laxation while respecting relaxation semantics that aims
to identify the relaxed version of the query that provides
a nonempty answer, while being “close” to the original
query formulated by the user.
• We propose algorithms for various versions of this prob-
lem that conduct query evaluation at each node of our
lattice framework aiming to minimize query response
time while obtaining an answer.
• We present the results of a thorough experimental evalu-
ation, depicting the practical utility of our methodology.
This paper is organized as follows. Section 2 presents our
overall framework. Section 3 presents our algorithms for re-
laxing selection conditions in equi-join queries. In Section 4
we study how to relax all conditions in a query. In Section 5
we show how to adapt our algorithms to variants of query re-
laxation. Section 6 contains the results of our experimental
evaluation. Section 7 concludes the paper.
1.1 Related Work
A study related to our work presented herein is the work
of Muslea et al. [23, 24]. In these papers they discuss how to
obtain alternate forms of conjunctive expressions in a way
that answers can be obtained. Their study however deals
primarily with expressibility issues without paying attention
to the data management issues involved. Another related
piece of work is , where a method for automated ranking
of query results is presented.
Efficient algorithms for computing skylines have been in
the center of research attention for years. The basic idea
of skyline queries came from some old research topics like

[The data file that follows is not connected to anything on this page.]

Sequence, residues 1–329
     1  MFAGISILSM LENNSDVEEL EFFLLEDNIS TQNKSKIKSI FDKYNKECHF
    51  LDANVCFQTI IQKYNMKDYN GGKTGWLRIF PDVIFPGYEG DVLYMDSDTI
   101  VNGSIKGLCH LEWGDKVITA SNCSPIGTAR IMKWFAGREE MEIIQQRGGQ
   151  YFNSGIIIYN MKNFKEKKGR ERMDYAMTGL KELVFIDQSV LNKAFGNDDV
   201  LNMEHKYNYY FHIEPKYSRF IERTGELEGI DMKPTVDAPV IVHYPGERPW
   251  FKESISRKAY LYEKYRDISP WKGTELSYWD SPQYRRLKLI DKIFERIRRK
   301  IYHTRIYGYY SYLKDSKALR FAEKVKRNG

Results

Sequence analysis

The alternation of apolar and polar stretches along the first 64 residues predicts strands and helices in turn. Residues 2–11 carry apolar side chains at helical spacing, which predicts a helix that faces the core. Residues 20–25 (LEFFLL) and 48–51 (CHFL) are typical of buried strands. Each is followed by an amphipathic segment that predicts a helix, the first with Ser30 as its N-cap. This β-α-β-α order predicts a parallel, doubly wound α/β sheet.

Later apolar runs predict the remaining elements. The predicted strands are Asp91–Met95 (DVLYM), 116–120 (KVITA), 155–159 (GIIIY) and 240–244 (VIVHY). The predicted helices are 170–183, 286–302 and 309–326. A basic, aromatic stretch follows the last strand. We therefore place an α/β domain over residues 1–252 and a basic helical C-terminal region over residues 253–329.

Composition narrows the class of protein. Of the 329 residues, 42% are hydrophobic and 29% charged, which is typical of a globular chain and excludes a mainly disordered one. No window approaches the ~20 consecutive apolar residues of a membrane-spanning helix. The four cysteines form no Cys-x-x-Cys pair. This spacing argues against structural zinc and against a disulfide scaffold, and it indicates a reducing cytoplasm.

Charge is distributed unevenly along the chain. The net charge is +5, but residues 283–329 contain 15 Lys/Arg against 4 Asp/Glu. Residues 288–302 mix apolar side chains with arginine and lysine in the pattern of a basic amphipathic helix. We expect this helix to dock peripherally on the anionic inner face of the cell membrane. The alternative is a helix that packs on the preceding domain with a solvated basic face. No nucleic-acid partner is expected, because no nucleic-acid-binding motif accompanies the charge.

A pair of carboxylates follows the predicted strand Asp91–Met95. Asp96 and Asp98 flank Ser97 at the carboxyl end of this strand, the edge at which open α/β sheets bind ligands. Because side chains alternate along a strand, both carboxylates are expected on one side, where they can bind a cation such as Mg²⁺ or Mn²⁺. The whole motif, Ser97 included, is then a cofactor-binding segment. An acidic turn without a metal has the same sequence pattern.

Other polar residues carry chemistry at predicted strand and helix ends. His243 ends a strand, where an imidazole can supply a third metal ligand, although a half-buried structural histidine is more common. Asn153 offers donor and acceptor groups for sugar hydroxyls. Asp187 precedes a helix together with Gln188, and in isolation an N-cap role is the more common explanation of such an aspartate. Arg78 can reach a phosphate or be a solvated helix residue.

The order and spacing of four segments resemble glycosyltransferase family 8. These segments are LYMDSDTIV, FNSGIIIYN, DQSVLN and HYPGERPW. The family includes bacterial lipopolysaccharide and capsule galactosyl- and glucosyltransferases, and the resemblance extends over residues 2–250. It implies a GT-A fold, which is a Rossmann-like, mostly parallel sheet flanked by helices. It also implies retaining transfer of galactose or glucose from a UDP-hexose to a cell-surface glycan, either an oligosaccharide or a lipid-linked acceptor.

contour problem , maximum vectors  and convex
hull . Recently there are studies on efficient algorithms
for computing skylines, e.g., [4, 8, 31, 19, 25, 12, 26, 32, 27].
Unlike these works which aim to support answers of prefer-
ence queries, our focus is on relaxing queries with selection
conditions and join conditions. Consequently, unlike these
studies which assume the attributes and ordering of the val-
ues are already pre-determined in a single table, our work
require us to compute skyline dynamically for a set of ta-
bles which are to be joined and whose attribute values (i.e.,
the amount of relaxation) must also be determined on the
fly. We are not aware of any work utilizing such structures
for query relaxation, especially join-query relaxations.
Several papers have been devoted to the problem of an-
swering top-k queries efficiently [21, 5, 6]. These work focus
on finding k tuples in the database that are ranked the high-
est based on a scoring function. Users can assign weights
to various attributes in the database so as to express their
preference in the scoring function. Our study involves find-
ing the skyline of relaxations for select and join conditions
such that each set of relaxations is guaranteed to return at
least 1 tuple in the result set. Both the selection and join
conditions must be considered for relaxation in order for this
to take place, unlike top-k queries which focus on only the
Some of our algorithms are related to similarity search in
multiple-dimensional data, such as R-trees and multidimen-
sional indexing structures [13, 29, 3], and nearest neigh-
bor search and all pair nearest search [15, 30].
approaches have been proposed in the literature to relax
queries. For example, Gaasterland  studied how to con-
trol relaxation using a set of heuristics based on seman-
tic query-optimization techniques. Kadlag et al.  pre-
sented a query-relaxation algorithm that, given a user’s ini-
tial range query and a desired cardinality for the answer
set, produces a relaxed query that is expected to contain
the required number of answers based on multi-dimensional